Gallium is a very easily liquefiable metal discovered, isolated, and soon studied by the French chemist Paul-Émile Lecoq de Boisbaudran (1875).
It is silvery white and soft enough to cut with a knife. Once liquefied, it exhibits the phenomenon of supercooling, being able to remain liquid even at 0°C; it remains liquid up to about 2000 C, and at 1500 C yet it still has a very low vapor pressure.
In its chemical properties, it is analogous to aluminum, with which it forms alums. It is not attacked by water at 100 C, but it is soluble in acids, forming trivalent compounds. It is an amphoteric metal giving gallates with alkaline bases with the production of hydrogen.
Gallium: Element Properties
|Melting point:||29.78 °C (85.6 °F)|
|Boiling point:||2,403 °C (4,357 °F)|
|Density (at 29.6° C):||5.904.|
Gallium is made as a by-product of the metallurgy of zinc, pyrites, bauxites and gemenite. The pure metal is obtained by electrolysis of the alkaline salts.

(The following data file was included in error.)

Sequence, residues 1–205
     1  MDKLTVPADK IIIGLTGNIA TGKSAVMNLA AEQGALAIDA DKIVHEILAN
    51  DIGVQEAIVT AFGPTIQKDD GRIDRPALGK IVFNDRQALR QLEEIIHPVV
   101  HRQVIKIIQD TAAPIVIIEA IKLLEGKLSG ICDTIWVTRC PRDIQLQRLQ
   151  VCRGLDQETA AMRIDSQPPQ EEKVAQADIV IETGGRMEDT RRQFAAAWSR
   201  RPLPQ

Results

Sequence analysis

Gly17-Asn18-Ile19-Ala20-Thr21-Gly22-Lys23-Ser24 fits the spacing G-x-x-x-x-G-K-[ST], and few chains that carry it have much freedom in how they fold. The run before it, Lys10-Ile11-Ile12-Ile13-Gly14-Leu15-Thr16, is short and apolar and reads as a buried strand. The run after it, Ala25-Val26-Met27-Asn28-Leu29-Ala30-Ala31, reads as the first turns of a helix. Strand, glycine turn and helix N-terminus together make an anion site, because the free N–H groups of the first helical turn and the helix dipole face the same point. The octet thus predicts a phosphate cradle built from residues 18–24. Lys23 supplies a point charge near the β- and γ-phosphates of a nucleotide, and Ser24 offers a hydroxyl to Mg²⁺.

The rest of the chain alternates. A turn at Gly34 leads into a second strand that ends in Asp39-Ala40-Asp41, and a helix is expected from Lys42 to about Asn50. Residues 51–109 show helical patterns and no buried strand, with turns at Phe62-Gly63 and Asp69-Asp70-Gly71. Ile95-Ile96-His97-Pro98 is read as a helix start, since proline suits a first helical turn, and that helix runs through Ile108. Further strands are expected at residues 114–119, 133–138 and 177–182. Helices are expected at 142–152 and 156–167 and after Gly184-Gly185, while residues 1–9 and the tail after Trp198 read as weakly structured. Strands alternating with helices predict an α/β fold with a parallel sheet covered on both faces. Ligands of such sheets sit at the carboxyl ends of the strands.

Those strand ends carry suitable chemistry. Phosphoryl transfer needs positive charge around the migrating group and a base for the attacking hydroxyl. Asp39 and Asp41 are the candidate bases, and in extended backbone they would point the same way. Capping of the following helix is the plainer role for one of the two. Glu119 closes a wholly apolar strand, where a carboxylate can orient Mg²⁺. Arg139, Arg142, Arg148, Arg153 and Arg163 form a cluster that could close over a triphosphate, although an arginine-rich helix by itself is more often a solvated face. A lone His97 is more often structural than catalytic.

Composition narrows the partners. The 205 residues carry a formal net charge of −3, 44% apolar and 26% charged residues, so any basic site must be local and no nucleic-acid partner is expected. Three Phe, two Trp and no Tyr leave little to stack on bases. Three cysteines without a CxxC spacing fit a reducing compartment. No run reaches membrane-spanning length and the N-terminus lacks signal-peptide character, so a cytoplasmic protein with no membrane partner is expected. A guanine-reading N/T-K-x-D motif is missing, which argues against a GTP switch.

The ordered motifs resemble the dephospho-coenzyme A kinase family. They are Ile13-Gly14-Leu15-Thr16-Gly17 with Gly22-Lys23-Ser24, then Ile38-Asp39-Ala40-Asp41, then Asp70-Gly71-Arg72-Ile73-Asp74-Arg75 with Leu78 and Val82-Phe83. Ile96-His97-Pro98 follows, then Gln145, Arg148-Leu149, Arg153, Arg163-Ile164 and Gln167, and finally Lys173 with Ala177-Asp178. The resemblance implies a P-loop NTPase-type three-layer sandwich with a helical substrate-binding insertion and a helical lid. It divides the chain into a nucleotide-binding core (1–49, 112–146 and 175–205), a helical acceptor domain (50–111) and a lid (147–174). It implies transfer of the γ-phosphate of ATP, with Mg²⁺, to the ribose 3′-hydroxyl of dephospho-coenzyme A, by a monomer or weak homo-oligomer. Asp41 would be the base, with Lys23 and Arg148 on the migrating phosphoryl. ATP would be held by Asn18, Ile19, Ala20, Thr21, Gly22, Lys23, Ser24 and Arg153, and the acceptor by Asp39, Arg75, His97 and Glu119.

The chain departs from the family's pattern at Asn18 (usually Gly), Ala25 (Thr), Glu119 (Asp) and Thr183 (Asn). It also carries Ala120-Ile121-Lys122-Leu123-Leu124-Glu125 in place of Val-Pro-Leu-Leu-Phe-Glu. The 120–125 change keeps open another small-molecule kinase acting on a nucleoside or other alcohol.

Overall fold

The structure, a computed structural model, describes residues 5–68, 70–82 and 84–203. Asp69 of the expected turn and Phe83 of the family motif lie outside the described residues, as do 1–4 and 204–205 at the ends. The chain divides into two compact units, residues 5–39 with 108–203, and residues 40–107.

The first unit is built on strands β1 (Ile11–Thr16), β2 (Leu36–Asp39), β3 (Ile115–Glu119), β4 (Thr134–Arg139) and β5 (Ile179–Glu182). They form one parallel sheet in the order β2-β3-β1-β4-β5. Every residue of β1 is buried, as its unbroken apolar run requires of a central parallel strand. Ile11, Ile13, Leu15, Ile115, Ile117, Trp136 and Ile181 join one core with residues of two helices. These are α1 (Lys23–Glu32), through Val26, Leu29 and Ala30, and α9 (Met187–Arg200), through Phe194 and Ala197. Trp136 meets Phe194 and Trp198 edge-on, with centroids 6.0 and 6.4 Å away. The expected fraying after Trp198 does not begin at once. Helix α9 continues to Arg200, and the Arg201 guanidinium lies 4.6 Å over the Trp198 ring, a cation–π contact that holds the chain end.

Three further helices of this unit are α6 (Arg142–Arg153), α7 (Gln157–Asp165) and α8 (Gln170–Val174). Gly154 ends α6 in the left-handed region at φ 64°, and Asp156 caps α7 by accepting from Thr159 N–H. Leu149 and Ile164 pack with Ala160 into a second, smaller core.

Uses of Gallium
Gallium is used as a dopant in semiconductors. Gallium arsenide (GaAs), isoelectronic of germanium (Ge), is capable of directly converting electricity into coherent light; it is used in light emitting diodes.
The compound MgGa2O4, of spinel type, activated by impurities made up of divalent ions such as Mn2+, is a phosphor emitting a brilliant green color during excitation in the ultraviolet, a color familiar to users of certain photocopiers.
Gallium is mainly used in alloying with arsenic in gallium arsenide GaAs, a semiconductor widely used in optoelectronics. This element also makes it possible to obtain images of areas of inflammation by scintigraphy in medical imaging.
Gallium health effects and toxicity
Gallium appears corrosive to the skin and mucous membranes, but is generally considered weakly toxic at doses encountered. However, it is seen that there are no comprehensive studies on the toxicology of this element for now.
First Image: Alshaer666, CC BY-SA 3.0, via Wikimedia Commons